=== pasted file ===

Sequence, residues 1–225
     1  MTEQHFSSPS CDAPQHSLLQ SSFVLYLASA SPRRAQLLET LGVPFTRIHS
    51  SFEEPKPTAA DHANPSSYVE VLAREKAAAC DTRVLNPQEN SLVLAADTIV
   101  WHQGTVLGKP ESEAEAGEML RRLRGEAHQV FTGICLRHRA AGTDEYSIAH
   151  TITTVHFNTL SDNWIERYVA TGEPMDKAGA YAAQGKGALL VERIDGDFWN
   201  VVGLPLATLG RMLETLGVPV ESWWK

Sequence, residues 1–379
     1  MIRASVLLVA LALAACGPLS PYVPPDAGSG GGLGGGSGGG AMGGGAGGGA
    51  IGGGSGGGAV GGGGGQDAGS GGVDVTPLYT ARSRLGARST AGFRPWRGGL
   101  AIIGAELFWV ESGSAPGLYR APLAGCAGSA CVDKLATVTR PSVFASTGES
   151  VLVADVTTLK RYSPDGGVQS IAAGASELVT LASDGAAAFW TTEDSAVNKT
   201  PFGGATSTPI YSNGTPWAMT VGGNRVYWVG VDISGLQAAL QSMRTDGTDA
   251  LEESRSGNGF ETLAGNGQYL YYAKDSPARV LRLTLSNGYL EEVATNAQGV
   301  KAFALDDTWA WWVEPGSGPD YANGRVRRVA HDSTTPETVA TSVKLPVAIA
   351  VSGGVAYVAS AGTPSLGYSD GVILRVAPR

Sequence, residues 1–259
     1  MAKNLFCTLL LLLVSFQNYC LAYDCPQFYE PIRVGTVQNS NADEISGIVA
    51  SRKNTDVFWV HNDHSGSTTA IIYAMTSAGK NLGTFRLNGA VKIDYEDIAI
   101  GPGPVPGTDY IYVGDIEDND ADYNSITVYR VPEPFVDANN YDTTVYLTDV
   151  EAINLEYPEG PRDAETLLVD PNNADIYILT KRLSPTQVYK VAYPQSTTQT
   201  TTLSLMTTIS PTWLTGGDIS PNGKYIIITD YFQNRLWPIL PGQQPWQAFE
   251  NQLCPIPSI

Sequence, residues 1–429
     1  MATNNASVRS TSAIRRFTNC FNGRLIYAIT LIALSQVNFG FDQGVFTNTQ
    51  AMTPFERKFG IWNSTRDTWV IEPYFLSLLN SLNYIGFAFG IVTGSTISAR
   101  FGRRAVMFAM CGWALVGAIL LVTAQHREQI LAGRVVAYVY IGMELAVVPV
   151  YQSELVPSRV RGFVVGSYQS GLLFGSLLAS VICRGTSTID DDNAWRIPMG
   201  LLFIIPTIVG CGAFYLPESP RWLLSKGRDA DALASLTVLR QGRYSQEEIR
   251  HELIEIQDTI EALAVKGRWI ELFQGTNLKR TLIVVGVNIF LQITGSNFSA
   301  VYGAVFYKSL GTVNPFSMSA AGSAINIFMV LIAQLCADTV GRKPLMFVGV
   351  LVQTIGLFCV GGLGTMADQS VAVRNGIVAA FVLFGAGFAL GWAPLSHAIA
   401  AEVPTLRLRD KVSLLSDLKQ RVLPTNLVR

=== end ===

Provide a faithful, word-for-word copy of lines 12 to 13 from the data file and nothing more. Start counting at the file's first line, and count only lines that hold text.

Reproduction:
   201  PFGGATSTPI YSNGTPWAMT VGGNRVYWVG VDISGLQAAL QSMRTDGTDA
   251  LEESRSGNGF ETLAGNGQYL YYAKDSPARV LRLTLSNGYL EEVATNAQGV